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  • http://www.yveninginc.com Yvette Daniels

    I was a bathroom attendant or better yet a restroom hostess for several years in NYC. This service is extremely useful and much more than a luxurious touch. I maintained an immaculate restroom which looked amazing and smelled better than some people’s home. I greeted all of the guests. I saved lives. I turned a bad night into a phenomenal evening. I kept the line moving (ladies, we all know how the ladies room line can be)! I received tips ranging from $1 to $100. In addition, I was approached several times with propositions to write a book, “Confessions of a NYC Bathroom Attendant“. The list of celebrities I have had the pleasure of “handing a towel” to is impressive. I have great stories of getting a stain out of Monica’s dress, protecting Lizzie from a intoxicated stalker, mending a CW friendship, and breaking up a cat fight between two hard core rappers. I worked in the Hamptons and Vegas as well. I have seen it all! It was fun! I enjoyed and took pride in my job. Take it from me, we do more than hand out a towel.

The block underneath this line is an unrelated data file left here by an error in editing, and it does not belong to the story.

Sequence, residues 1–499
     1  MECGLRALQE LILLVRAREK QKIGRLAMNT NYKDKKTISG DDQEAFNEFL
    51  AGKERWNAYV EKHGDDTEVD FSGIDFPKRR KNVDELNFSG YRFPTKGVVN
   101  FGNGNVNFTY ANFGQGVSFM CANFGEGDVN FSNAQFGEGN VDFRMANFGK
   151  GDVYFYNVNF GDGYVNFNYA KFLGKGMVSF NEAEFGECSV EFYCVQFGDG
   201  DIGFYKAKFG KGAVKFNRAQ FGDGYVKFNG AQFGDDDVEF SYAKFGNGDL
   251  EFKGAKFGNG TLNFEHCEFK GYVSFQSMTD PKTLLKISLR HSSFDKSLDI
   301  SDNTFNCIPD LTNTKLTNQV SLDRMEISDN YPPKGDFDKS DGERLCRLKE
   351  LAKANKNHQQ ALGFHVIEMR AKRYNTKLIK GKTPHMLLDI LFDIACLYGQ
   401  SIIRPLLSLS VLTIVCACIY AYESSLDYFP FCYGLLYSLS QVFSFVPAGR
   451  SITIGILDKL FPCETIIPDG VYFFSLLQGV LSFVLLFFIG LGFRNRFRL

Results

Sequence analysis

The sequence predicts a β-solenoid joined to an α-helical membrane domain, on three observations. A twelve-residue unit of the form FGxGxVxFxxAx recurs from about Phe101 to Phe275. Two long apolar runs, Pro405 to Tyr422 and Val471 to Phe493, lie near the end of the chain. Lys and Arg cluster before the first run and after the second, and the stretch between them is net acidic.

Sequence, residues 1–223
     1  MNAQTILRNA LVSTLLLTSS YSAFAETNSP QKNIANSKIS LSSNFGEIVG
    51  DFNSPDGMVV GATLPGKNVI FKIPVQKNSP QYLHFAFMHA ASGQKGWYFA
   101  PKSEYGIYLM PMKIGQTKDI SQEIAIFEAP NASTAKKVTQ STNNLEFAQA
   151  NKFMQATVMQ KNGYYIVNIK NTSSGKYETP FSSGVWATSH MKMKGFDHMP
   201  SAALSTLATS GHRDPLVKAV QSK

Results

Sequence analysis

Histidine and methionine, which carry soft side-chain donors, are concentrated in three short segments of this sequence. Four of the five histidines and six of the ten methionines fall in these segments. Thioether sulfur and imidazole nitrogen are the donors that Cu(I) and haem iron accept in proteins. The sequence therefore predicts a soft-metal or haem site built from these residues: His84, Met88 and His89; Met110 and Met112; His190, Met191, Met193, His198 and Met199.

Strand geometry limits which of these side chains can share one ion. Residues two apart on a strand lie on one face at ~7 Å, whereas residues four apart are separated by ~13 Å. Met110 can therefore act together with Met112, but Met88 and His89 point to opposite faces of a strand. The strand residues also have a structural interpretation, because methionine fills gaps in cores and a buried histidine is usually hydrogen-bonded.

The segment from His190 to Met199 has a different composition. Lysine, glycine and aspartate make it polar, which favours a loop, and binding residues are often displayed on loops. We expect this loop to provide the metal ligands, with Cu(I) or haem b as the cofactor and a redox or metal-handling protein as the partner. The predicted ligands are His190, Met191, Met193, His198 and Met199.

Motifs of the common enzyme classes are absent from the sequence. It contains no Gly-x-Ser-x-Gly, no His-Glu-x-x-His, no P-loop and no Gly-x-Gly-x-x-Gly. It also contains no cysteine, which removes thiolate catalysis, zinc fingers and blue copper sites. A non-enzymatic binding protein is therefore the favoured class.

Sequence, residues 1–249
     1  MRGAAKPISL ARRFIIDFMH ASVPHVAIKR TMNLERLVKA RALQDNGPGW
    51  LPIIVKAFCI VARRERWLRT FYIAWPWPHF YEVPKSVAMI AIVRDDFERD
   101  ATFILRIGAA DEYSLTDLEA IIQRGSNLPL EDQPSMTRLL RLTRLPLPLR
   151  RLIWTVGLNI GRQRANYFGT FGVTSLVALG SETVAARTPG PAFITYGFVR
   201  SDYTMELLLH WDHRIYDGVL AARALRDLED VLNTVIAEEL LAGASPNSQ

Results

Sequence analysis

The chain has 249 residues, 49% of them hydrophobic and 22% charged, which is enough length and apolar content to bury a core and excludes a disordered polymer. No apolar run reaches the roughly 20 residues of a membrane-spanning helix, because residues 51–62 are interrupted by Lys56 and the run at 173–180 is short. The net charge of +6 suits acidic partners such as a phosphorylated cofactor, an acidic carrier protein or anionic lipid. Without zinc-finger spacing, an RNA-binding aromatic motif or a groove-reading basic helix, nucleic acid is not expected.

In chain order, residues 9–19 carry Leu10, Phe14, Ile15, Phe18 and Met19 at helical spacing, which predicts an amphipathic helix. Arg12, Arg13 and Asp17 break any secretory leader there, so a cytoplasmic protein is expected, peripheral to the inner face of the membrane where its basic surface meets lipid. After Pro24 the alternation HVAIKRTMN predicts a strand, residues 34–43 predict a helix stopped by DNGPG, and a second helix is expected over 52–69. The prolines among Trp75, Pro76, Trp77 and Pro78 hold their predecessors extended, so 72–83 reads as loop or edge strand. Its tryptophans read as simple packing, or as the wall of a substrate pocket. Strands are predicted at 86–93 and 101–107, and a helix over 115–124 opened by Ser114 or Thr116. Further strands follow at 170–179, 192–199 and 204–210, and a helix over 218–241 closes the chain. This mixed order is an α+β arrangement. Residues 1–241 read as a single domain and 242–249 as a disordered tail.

• http://YOURWEBSITE Donna Carol

    I actually think it’s really important to have a bathroom attendant for events with 200+ guests. The value of having a clean bathroom is almost priceless. Is there anything worse than feeling like you need to freshen up after visiting a dirty public restroom? Plus for formal events, being able to freshen up after dinner with a little spritz of hairspray, a swig of mouthwash or get a band aide for that annoying stripy bridesmaid shoe tells your guests you want them to have an enjoyable evening.